The theme of this week’s reading was emerging media psychology. The articles explored psychology in emerging media by focusing on algorithms, branding, politics, and sentiments.
Neubaum and Krämer’s study focuses on social media and perception of public opinion. While the article looks mostly at “likes” and comments, one feature of Facebook that is not mentioned in this study (probably because it either had not come out yet or was very new at the time of the study) is the “reaction” buttons that are now alongside the “like” button. The “like, love, haha, wow, sad, and angry” reaction images provide a quick glimpse into the audience’s opinions, providing more information than just “likes.” For example, if a brand’s posts are consistently getting “angry” reacts, I imagine users would be concerned and turn to the comments to see if there was any explanation for the negative reactions. Additionally, users can use these emotion reactions on each other’s comments—showing what the overall sentiment towards these comments are. It would be interesting if Facebook allowed for the organizing of comments by date or reaction, like Reddit does with its “sort by” option, allowing the user to sort comments by “Live, Top, Best, Q&A, and Controversial.” I think that a study on sentiments in social media incorporating these reactions could be interesting and relevant.
The study conducted in Waddell and Sundar’s article “#thisshowsucks! The Overpowering Influence of Negative Social Media Comments on Television Viewers” concluded that negative comments about television shows cause people to view the shows less favorably. One thing I thought of was—what exactly could networks even do about this? They could somehow delete or restrict negative comments, but this probably would not make commenters happy to see their opinions silenced. They could also somehow highlight positive effects, but the study claimed that positive social media had no effects on viewing a show more favorably, so this also probably would not change anything. Additionally, while I am not sure of this, it seems that people are more likely to leave negative comments and complain when they are unhappy than to leave positive comments when they are happy.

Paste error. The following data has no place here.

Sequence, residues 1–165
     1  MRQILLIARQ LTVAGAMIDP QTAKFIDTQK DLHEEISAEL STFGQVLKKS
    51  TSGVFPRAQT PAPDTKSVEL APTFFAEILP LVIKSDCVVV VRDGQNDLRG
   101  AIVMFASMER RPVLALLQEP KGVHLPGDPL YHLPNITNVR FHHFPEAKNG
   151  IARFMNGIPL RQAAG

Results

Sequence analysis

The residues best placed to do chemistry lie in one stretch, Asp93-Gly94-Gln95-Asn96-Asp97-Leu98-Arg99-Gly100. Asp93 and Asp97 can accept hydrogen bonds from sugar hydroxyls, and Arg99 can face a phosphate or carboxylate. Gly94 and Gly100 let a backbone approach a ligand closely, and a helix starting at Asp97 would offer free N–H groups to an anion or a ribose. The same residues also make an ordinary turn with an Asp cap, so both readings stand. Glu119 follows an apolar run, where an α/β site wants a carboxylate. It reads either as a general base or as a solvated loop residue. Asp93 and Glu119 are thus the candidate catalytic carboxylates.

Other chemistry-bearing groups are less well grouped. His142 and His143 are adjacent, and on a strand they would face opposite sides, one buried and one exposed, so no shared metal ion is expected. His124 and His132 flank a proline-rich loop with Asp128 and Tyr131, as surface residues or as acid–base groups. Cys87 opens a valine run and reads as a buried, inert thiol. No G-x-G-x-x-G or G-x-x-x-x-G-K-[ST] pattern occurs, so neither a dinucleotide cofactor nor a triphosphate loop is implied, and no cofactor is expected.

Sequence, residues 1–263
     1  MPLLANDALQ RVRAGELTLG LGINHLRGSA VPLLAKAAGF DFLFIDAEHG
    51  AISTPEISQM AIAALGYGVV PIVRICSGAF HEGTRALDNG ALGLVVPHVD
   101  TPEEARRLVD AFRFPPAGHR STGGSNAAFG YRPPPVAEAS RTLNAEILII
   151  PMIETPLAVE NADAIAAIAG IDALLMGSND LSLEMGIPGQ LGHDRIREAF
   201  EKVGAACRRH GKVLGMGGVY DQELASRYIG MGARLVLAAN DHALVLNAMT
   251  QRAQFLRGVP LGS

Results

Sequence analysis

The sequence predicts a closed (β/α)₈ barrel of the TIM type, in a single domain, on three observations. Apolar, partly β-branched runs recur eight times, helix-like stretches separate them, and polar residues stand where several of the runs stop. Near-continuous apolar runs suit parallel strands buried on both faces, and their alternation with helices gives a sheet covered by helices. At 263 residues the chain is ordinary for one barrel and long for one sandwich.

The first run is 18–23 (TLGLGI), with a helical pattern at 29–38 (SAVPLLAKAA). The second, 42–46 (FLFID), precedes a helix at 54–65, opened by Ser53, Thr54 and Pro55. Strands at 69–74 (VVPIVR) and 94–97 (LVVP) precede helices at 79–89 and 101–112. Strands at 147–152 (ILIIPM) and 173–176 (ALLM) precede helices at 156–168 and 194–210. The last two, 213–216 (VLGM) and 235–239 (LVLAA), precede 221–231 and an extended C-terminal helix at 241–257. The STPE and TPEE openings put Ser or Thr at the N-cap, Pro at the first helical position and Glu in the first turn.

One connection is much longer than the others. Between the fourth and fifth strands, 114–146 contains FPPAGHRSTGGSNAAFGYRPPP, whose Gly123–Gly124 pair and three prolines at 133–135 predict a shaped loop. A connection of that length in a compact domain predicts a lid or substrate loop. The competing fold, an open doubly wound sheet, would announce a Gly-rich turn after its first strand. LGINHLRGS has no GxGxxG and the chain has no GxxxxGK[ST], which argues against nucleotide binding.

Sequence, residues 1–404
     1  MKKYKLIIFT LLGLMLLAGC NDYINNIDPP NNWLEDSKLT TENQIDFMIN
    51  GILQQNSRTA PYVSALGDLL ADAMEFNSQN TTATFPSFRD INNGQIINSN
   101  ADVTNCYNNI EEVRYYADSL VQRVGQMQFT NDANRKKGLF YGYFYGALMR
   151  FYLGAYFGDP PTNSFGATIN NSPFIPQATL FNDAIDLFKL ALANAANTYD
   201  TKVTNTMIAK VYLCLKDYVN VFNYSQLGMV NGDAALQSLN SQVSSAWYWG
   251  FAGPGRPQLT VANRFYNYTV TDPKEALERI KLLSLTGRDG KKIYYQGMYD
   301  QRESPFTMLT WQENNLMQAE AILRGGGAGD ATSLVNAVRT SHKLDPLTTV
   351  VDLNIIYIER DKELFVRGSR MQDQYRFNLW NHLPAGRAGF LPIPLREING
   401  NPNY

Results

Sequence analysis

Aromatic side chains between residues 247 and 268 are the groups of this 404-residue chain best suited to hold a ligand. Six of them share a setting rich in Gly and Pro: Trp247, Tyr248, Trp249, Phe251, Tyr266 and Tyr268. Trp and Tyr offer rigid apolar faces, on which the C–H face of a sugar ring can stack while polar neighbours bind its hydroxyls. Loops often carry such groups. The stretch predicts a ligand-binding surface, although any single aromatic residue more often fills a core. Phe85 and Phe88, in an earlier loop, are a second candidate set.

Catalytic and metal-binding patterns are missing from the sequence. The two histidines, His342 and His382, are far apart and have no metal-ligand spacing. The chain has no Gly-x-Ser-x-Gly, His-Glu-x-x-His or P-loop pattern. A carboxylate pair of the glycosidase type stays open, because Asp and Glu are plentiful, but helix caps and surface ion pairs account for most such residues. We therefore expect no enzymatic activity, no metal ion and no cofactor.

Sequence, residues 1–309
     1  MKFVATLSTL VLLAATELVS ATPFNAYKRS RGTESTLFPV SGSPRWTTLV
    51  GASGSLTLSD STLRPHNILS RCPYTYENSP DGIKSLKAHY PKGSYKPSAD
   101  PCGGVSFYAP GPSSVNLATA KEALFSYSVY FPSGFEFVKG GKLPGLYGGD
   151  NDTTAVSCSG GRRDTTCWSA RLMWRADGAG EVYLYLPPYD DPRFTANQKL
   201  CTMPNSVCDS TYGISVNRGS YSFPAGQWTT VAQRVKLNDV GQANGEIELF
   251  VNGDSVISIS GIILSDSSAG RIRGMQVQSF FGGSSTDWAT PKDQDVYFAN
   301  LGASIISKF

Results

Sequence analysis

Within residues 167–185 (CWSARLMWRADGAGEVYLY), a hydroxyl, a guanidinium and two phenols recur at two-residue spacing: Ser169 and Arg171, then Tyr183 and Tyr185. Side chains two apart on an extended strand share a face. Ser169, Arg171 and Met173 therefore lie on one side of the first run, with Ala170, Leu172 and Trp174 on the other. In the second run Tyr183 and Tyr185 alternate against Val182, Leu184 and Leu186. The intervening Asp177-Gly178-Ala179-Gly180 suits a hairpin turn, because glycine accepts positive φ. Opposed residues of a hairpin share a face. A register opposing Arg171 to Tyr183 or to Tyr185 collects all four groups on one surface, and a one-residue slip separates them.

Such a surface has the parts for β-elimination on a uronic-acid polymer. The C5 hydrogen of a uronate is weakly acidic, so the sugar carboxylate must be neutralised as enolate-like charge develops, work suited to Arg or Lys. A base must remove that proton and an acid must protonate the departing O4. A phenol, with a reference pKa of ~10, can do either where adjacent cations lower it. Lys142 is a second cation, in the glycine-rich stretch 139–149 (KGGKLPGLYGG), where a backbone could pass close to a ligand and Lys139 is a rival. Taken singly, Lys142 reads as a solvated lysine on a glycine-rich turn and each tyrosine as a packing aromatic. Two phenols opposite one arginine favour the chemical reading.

The article “Picture Perfect: The Direct Effect of Manipulated Instagram Photos on Body Image in Adolescent Girls” is, unless if I am misremembering, the first so far that focuses solely on Instagram usage. The article itself points out the fact that Instagram receives “little academic attention,” which I think is unfortunate because the platform has its own culture that is different from Twitter and Facebook. One small issue I had with the study was the conceptualization of “manipulation” of photos. The study used Instagram’s “effects and filters,” but they also edited the photos by “removing eyebags, wrinkles, and impurities,” and slimming down the subjects of the photos. Since Instagram doesn’t really have a way for users to manipulate the photos to that degree, I was left wondering if the researchers used some other photo-editing app, or Photoshop.